I always have thought that the people in the cover of SPLHCB should be a big evidence on its own. I mean, maybe the did choose those people in particular for some strange meaning, like ths sound of their names, for instance, but even if they did it based on their own likes and tastes, that should give us a great overview of their cultural background at the time.
For instance, I have always been very intrigued about who chose Alistair Crowley, and why?
Here comes the Fun King Everybody's laughing Everybody's happy
I found this about Alistair Crowley on Sgt Pepper cover:
Sgt. Pepper's Lonely Hearts Club Band In 1967 the Beatles had released their first album dedicated to the promotion of psychedelic drugs, Sergeant Pepper's Lonely Hearts Club Band. The album contained a fantasized version of an LSD trip, called "Lucy in the Sky with Diamonds", or L.S.D. for short. It became a top seller.
Clearly, the Beatles' album was dedicated to Satanist Aleister Crowley. It was released 20 years, to the day, after Crowley's death in 1947, and its title song began with the lyrics, "It was twenty years ago today..." The album's cover featured a picture of Crowley.
One month after the album's release, the Beatles shocked the world by announcing, publicly, that they were regularly taking LSD. Beatle member Paul McCartney, in an interview with Life magazine said, "LSD opened my eyes. It is better than Jesus". We only use one-tenth of our brain." They also publicly called for the legalization of marijuana.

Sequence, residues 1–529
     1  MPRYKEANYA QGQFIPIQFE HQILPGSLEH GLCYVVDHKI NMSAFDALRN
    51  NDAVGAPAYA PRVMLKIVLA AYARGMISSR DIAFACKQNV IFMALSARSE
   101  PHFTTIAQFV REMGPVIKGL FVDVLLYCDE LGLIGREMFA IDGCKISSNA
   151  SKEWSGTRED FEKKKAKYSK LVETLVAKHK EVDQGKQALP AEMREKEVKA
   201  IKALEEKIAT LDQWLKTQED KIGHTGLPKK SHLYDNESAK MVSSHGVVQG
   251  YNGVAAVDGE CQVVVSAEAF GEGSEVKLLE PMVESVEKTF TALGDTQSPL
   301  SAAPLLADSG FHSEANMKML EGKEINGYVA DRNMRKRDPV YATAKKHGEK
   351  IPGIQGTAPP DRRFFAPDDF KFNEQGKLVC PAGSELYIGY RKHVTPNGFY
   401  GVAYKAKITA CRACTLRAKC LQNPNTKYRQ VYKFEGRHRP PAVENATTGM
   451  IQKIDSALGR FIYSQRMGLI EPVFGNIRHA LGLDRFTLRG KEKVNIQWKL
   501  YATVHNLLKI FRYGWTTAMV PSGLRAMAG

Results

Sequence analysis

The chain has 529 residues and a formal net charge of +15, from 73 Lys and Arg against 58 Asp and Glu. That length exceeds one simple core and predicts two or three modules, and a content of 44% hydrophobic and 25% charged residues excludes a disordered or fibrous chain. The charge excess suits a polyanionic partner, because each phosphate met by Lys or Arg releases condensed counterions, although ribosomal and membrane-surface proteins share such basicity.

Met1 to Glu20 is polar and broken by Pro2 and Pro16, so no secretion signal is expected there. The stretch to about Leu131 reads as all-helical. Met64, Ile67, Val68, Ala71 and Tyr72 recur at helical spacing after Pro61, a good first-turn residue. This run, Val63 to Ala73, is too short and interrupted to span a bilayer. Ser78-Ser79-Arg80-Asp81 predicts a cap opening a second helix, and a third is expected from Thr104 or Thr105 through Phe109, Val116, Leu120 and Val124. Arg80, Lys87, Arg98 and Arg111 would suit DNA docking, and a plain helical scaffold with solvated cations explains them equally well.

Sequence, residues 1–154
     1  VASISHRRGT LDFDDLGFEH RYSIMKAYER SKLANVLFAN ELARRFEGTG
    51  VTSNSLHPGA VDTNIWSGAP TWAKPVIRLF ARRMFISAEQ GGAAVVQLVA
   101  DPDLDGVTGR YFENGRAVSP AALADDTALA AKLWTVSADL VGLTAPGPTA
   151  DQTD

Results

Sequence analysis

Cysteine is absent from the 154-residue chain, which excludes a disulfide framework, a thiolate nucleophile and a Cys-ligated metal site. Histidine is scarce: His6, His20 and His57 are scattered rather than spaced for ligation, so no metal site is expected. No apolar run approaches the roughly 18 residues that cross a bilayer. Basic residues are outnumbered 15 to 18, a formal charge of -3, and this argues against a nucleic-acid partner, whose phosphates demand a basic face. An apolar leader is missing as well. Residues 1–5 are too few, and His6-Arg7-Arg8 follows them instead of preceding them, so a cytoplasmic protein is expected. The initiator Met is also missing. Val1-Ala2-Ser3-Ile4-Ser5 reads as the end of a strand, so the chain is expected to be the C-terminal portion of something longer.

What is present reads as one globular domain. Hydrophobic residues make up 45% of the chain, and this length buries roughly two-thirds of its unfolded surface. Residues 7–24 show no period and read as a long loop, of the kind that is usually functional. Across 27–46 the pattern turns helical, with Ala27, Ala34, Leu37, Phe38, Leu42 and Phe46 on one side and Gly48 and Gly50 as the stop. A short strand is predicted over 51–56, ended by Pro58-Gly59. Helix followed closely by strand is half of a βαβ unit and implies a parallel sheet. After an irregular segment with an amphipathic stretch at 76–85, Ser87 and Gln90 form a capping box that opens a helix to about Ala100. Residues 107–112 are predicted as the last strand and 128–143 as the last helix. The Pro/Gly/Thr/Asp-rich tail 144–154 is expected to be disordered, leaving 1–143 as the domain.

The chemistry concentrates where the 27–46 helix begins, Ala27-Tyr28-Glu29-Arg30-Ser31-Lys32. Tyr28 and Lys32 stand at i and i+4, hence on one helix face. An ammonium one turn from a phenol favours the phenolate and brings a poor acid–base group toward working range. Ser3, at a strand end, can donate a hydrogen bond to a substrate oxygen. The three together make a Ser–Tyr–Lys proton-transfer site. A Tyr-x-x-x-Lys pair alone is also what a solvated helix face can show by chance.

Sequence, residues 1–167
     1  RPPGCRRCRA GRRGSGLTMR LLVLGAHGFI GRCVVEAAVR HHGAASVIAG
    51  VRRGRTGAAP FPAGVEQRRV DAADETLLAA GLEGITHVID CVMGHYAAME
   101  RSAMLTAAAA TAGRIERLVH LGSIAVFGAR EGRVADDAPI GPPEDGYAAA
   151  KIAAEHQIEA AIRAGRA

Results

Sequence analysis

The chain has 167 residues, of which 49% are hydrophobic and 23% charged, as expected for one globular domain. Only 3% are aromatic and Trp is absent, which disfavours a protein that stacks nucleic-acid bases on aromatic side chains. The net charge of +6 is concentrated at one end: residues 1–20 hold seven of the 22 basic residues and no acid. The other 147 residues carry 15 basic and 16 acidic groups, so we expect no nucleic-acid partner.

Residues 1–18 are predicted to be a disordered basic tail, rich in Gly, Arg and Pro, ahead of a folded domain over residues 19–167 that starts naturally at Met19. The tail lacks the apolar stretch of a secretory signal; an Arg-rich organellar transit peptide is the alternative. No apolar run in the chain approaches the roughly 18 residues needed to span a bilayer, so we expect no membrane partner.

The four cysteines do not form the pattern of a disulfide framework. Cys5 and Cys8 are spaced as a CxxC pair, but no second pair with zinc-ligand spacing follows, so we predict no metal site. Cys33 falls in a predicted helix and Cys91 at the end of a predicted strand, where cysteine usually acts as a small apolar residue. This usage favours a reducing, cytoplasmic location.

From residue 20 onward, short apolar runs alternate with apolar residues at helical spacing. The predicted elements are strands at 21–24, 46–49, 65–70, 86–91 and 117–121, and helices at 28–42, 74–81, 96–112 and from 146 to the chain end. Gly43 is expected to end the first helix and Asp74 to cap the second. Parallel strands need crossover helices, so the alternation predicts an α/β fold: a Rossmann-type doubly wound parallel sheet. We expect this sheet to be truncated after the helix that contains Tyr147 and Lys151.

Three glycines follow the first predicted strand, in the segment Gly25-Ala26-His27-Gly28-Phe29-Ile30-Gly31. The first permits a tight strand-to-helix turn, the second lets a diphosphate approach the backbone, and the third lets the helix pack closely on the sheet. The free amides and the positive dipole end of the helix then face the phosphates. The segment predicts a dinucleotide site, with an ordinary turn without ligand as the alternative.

The cat was now out of the bag, but the protests were few and minor. In England, the BBC banned "A Day in the Life," and in the U.S.A., Maryland Governor Spiro T.Agnew, who would later be watergated, launched a campaign to ban "Lucy in the Sky With Diamonds."
Aliester Crowley is without a doubt, the main spiritual "teacher" of rock music. Crowley's mission in life was to destroy Jesus Christ and Christianity, while exalting sex perversion, drugs, magic and Satan.
Aliester Crowley spews his hatred of Jesus Christ in The World's Tragedy:
In the introduction of The World's Tragedy, Israel Regardie says: "This long, almost epic poem is one of the most bitter and vicious diatribes against Christianity that I have ever read." Crowley's most famous teaching, "Do what thou wilt shalt be the whole of the law" became the "mantra" of the 60's revolution of drugs, sexual perversion and anti-Christianity. "Do your own thing" "If it feels good do it". THE BEATLES & CROWLEY
According to The All Music Guide, The Beatle's Sgt. Pepper album, "will forever be known as the recording that changed rock & roll". Time magazine said, Sgt Pepper's was "drenched in drugs."
The cover of Sgt. Pepper's showed the Beatles with a background of, according to Ringo Starr, people "we like and admire" Paul McCartney said of Sgt. Pepper's cover, ". . . we were going to have photos on the wall of all our HEROS . .
One of the Beatle's heros included on the cover of Sgt. Pepper's was the infamous Aliester Crowley! Most people, especially in 1967, did not even know who Crowley was but the Beatles certainly did.